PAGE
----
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Open access

Monitoring What Matters: A Systematic Process for Selecting Training-Load Measures

Sean Williams, Grant Trewartha, Matthew J. Cross, Simon P.T. Kemp, and Keith A. Stokes


Numerous derivative measures can be calculated from the simple session rating of perceived exertion (sRPE), a tool for monitoring training loads (eg, acute:chronic workload and cumulative loads). The challenge from a practitioner’s perspective is to decide which measures to calculate and monitor in athletes for injury-prevention purposes. The aim of the current study was to outline a systematic process of data reduction and variable selection for such training-load measures.


Training loads were collected from 173 professional rugby union players during the 2013–14 English Premiership season, using the sRPE method, with injuries reported via an established surveillance system. Ten derivative measures of sRPE training load were identified from existing literature and subjected to principal-component analysis. A representative measure from each component was selected by identifying the variable that explained the largest amount of variance in injury risk from univariate generalized linear mixed-effects models.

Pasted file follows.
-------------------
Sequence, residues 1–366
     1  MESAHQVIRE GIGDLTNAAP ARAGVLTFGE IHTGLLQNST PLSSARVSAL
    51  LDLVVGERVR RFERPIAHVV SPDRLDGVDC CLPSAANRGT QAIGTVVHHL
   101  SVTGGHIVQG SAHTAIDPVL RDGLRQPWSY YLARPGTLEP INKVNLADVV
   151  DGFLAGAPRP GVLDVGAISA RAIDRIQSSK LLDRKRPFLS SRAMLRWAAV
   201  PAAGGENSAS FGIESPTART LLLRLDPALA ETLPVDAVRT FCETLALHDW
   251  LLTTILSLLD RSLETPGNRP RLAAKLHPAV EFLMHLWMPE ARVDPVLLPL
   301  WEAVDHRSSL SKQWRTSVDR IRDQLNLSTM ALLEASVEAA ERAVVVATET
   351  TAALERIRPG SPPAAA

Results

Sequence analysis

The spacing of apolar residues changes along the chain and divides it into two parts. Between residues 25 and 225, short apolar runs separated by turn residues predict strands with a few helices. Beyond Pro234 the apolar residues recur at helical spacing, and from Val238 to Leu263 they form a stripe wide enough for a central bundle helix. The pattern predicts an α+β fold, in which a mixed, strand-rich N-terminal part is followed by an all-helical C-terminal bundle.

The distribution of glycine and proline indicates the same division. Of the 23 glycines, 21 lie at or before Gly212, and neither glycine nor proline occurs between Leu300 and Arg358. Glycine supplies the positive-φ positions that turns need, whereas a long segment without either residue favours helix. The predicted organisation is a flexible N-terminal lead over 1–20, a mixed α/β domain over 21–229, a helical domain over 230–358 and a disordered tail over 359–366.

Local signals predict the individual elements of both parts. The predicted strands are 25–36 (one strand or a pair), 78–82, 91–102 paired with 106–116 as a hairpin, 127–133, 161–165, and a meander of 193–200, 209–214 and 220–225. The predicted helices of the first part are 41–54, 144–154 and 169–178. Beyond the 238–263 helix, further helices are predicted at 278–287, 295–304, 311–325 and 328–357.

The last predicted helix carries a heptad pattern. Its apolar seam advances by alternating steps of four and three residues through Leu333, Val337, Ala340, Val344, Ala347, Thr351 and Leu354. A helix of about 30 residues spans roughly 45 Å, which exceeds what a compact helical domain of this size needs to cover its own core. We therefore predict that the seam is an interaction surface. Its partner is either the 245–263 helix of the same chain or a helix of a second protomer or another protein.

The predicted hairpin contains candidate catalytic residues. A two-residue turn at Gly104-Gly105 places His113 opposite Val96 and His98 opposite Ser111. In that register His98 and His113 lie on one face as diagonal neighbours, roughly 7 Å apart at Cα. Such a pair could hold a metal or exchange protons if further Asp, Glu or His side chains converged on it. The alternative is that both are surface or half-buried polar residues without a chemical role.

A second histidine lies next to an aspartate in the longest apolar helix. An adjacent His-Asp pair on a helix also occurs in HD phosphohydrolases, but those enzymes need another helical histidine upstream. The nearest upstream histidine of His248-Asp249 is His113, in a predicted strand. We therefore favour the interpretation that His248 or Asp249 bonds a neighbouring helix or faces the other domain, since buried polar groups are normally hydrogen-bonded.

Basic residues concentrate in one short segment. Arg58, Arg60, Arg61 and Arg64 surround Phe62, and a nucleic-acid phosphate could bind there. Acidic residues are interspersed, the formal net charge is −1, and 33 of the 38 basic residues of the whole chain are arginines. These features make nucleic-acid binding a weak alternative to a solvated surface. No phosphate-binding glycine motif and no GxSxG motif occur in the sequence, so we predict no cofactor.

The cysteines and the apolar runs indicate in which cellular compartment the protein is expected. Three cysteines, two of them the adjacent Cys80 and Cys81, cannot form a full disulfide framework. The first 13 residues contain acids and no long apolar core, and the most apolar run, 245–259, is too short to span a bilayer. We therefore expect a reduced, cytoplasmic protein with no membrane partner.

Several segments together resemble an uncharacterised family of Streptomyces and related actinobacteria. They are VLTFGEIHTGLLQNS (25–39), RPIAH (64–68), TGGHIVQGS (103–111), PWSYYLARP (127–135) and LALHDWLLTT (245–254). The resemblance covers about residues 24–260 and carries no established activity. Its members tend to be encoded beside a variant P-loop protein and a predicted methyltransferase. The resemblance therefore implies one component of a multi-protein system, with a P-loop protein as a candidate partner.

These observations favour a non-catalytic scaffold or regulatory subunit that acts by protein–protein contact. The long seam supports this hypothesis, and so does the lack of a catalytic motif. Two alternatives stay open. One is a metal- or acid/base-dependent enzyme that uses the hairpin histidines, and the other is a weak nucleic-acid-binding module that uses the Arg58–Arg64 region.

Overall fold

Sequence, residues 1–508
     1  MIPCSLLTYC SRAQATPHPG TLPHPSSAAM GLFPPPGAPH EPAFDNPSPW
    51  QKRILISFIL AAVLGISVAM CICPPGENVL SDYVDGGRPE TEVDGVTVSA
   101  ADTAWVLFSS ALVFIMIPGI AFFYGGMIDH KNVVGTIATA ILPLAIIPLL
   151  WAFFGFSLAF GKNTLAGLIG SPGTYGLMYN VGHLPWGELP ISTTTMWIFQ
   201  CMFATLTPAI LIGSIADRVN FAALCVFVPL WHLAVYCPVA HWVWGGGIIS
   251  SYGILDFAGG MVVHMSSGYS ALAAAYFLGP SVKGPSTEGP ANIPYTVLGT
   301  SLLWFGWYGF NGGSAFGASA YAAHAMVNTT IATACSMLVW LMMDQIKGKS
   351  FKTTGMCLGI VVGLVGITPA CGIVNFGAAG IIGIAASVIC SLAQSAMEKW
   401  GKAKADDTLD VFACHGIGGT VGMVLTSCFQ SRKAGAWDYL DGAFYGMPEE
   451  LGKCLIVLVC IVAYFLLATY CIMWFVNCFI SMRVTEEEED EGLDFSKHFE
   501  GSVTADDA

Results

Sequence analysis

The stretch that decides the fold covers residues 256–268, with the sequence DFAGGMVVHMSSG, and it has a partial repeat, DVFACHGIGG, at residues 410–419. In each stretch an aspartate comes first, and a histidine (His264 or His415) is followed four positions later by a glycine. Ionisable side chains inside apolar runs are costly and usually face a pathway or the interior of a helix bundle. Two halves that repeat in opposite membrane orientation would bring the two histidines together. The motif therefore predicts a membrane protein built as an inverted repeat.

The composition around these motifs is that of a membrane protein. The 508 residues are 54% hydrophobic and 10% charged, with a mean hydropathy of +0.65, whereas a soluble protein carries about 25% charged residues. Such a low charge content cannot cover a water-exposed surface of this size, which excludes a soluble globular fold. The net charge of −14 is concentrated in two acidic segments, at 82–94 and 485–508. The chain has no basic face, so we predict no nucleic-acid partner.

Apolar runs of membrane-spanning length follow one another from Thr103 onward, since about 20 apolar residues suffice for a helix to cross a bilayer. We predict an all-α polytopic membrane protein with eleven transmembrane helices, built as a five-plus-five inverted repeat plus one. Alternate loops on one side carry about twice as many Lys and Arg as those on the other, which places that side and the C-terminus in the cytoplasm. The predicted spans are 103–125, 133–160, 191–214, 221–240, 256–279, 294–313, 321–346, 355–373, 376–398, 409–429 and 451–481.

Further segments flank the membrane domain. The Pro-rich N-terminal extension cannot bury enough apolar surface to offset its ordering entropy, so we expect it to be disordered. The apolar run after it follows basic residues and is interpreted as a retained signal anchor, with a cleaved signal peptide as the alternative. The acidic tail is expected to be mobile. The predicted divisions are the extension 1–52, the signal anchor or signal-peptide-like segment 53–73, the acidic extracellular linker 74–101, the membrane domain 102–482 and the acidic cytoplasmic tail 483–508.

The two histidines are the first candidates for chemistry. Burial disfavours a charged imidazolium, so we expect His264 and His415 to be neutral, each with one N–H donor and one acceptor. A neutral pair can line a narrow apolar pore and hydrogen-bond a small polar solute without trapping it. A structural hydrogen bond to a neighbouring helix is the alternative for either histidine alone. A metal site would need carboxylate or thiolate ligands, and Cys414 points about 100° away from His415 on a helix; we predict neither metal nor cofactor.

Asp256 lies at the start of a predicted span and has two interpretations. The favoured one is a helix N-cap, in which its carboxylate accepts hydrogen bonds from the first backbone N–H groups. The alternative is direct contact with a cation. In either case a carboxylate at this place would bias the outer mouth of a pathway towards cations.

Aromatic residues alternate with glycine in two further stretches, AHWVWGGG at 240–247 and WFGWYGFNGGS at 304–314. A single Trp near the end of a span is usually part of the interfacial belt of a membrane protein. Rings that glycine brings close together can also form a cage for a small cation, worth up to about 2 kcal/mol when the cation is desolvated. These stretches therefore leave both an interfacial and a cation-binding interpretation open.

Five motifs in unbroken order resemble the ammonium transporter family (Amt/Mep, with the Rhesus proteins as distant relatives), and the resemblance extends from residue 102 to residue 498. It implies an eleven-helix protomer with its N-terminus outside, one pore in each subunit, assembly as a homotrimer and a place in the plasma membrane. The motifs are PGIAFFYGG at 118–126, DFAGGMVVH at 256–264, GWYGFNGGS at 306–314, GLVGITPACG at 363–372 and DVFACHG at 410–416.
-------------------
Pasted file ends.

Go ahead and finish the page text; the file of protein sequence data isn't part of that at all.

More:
Three principal components were extracted, explaining 57%, 24%, and 9% of the variance. The training-load measures that were highly loaded on component 1 represented measures of the cumulative load placed on players, component 2 was associated with measures of changes in load, and component 3 represented a measure of acute load. Four-week cumulative load, acute:chronic workload, and daily training load were selected as the representative measures for each component.


The process outlined in the current study enables practitioners to monitor the most parsimonious set of variables while still retaining the variation and distinct aspects of “load” in the data.